In ruling No. 34419 filed on December 11, 2023, the United Sections of the Supreme Court ruled on the issue of non-existent and non-entitled credits, putting an end to the jurisprudential contrast regarding the correct rules to be applied.
In this regard, they ruled that on the subject of the taxpayer's offsetting of credits or tax surpluses, the Tax Authority's assessment action is subject to the longer eight-year time limit set forth in Article 27, paragraph 16, Decree Law no. 185/2008, when the credit used is non-existent, a condition that is fulfilled when the following requirements are met jointly:
a) the credit, in whole or in part, is the result of an artificial representation or lacks the constituent prerequisites or when it has arisen, it is already extinguished at the time of its use;
b) the non-existence is not verifiable with automated controls. In other cases, the credit must be considered as not due and the ordinary time limit for assessment activity applies.
Concerning the notions of non-existent and non-entitled credit there had long been a strong jurisprudential contrast.
According to a first and older orientation, there would be no difference between the two notions. In fact, it was argued that Art. 27, Paragraph 16 of Law No. 2/2009 "does not intend to elevate the non-existence of the credit to a category distinct from the non-entitlement, but only intends to ensure an adequate margin of time for the sometimes complex verifications concerning the generating element of the tax credit".
This orientation is contrasted with that of the twin rulings Cass. No. 34444 and No. 34445 of 2021, which highlight the novelty represented by Art. 13, paragraph 5 of Legislative Decree No. 471/1997, according to which in the same positive definition of non-existent credit "can be found the confirmation of the dignity of the distinction of the two categories in question, already on the basis of the previous regulatory framework concerning the collection of unduly used tax credits." In this regard, the Court pointed out that the notion of non-existent credit is anchored to a "non-real," "untrue" dimension, i.e., lacking phenomenally appreciable justifying elements, and not also to connotations of fraudulence.
According to the United Sections, the second reported orientation must be given precedence, dwelling on:
(a) the distinguishing features between non-existent and undue credit;
(b) the different legal regime and the prerequisites that condition applicability.
With reference to the first aspect, the Court enhances the textual datum of Article 13 of Legislative Decree No. 471/1997, which defines non-existent credit as credit "in relation to which the constitutive presupposition is missing, in whole or in part, and whose nonexistence cannot be ascertained by means of the controls referred to in Articles 36-bis and 36-ter of Presidential Decree No. 600/1973 and Article 54-bis of Presidential Decree No. 633/1972."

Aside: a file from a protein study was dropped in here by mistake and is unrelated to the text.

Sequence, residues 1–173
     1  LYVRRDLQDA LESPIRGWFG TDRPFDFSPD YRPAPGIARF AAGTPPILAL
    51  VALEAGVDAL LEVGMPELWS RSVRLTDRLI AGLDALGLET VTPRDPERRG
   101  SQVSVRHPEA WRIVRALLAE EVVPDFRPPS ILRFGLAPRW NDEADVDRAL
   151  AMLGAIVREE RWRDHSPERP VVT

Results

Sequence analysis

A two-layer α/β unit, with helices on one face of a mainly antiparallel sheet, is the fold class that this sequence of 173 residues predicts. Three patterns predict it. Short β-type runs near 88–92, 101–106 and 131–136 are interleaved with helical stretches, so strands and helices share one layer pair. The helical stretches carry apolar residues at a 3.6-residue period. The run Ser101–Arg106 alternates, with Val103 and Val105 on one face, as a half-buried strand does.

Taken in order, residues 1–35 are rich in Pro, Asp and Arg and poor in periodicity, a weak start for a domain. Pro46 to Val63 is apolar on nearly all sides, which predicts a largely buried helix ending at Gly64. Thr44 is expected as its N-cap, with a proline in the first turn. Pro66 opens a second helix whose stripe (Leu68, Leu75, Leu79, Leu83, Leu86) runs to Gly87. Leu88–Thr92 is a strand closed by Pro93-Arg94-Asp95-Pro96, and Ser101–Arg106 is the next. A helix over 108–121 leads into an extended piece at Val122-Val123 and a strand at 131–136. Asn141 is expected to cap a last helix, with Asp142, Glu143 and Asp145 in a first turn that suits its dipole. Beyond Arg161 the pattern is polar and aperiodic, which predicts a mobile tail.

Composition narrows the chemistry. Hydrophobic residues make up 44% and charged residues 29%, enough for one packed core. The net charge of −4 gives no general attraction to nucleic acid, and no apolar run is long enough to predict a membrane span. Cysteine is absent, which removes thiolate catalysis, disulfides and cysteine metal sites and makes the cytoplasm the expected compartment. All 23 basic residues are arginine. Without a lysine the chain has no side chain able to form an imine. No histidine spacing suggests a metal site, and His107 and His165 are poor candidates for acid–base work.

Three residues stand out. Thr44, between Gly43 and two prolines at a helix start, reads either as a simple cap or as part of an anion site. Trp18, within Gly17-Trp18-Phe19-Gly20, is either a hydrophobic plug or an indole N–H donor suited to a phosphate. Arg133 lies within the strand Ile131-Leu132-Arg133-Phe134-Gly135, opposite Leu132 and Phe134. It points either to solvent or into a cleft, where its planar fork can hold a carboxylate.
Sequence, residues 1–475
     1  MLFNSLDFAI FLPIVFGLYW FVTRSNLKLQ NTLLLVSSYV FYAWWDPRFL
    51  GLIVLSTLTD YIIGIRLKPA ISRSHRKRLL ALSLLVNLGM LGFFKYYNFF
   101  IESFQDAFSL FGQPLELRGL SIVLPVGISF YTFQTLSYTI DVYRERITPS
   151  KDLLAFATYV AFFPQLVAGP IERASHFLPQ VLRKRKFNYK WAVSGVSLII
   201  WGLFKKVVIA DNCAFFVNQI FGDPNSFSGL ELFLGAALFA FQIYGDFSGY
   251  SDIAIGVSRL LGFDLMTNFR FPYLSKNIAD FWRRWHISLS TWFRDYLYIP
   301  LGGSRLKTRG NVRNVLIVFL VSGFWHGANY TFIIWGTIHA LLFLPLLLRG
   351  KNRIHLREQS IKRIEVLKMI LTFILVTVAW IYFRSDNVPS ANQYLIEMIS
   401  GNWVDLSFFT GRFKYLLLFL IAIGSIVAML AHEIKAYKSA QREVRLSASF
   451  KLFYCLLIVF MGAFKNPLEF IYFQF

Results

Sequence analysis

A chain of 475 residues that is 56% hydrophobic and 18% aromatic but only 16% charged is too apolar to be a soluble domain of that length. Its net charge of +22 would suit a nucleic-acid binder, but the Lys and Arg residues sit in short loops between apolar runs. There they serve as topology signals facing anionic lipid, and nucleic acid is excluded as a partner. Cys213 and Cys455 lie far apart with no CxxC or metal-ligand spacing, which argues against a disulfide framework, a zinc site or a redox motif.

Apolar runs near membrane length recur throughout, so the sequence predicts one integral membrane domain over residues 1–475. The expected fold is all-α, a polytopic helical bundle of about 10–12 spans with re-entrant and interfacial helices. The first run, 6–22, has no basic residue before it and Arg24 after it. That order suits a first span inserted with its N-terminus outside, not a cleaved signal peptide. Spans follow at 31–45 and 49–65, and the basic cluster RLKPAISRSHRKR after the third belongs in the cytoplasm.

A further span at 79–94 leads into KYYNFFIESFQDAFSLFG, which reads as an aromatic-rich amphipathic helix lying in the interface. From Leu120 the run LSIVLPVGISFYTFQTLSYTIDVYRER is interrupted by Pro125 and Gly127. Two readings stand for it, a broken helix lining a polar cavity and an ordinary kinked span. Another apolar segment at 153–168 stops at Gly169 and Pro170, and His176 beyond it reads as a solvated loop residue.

Thus, the requirements for nonexistence are outlined as:
1) lack of the constitutive prerequisite and
2) non-disprovability through so-called automated controls.
On the other hand, non-entitled credit is a tax surplus or credit used in excess of the amount due or in violation of the manner in which it was used. This is a residual category, which includes all cases that cannot be traced back to non-existent credit.
The Supreme Court specifies that the distinction between non-existent credit and non-entitled credit has a structural character and draws its legal rationale from the overall tax system: nonexistence has an objective nature while non-entitlement has a dynamic nature anchored to the presupposition of the existence of the credit.
As for the different legal regime, the United Sections refer to the regulations set forth in Article 27, paragraph 16 of Decree Law No. 185/2008 with reference to the eight-year time limit for the forfeiture of the power of assessment and Article 15 of Legislative Decree No. 158/2015 with reference to the definition of non-existent credit and credit not due, then reported in Article 13 of Legislative Decree No. 471/1997. Also different is the criminal discipline provided by Art. 10-quater of Legislative Decree No. 74/2000, in terms of the penalty provided for the offsetting of non-existent credit and non-entitled credit.
For the sake of completeness, the Supreme Court specifies that in the case of the use of a credit that is later extinguished, a new use of the same integrates the case of non-existent credit (thus not being able to be considered as a credit not entitled), precisely because the constitutive prerequisites of the same credit have disappeared.